On Wednesday, April 6, the Senate Judiciary Committee held a hearing to examine ECPA, the Electronic Communications Privacy Act.  The hearing, which focused on the federal government’s perspective on ECPA reform, followed up on a hearing held last September and Sen. Patrick Leahy’s (D-VT) January 2011 pledge that “[t]he Judiciary Committee will continue the work we started last year to update the Electronic Communications Privacy Act, so that security agencies have the tools needed to keep us safe from cyber threats, and our Federal privacy laws keep pace with advancing technology.”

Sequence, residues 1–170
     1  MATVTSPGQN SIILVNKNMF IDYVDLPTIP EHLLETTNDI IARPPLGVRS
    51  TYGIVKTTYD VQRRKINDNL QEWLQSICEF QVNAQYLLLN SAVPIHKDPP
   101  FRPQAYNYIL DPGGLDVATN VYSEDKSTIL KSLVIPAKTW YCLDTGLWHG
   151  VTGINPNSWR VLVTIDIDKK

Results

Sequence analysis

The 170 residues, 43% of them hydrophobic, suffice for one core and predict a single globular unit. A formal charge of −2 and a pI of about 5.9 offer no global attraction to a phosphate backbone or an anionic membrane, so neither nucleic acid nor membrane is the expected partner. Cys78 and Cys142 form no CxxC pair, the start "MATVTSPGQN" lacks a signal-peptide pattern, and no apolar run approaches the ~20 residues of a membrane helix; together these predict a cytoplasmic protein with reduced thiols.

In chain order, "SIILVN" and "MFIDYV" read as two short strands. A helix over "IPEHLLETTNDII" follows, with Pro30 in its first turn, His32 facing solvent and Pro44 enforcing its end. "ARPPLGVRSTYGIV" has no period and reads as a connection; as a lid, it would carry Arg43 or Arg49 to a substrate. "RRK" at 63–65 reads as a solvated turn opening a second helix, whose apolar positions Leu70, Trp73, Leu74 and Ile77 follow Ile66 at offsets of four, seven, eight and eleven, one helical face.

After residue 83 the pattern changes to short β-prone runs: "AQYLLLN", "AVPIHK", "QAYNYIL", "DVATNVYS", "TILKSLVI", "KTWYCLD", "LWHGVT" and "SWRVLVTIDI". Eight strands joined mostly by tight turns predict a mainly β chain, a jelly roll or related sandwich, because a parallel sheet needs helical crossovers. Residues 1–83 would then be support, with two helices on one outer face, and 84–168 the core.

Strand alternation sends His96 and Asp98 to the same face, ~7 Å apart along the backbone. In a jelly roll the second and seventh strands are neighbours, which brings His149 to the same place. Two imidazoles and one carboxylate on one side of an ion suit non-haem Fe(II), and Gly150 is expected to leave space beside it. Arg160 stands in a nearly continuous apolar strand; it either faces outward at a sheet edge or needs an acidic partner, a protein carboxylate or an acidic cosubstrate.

Cameron Kerry, general counsel of the Commerce Department, offered general considerations for ECPA reform, suggesting that there should be a principled relationship between the legal protections for electronic information and comparable offline materials, and also that the protections should be connected to ordinary citizens’ reasonable privacy interests.  James Baker, associate deputy attorney general at the Justice Department, flagged eight issues under ECPA that merit further examination.  He also testified that the Justice Department is working internally on specific language to support its proposals. 

Senator Leahy expressed an interest in seeing the administration’s recommendations, noting wryly, “Inertia sometimes gets the greatest bipartisan support on the Hill, but I’d like to see us move forward.”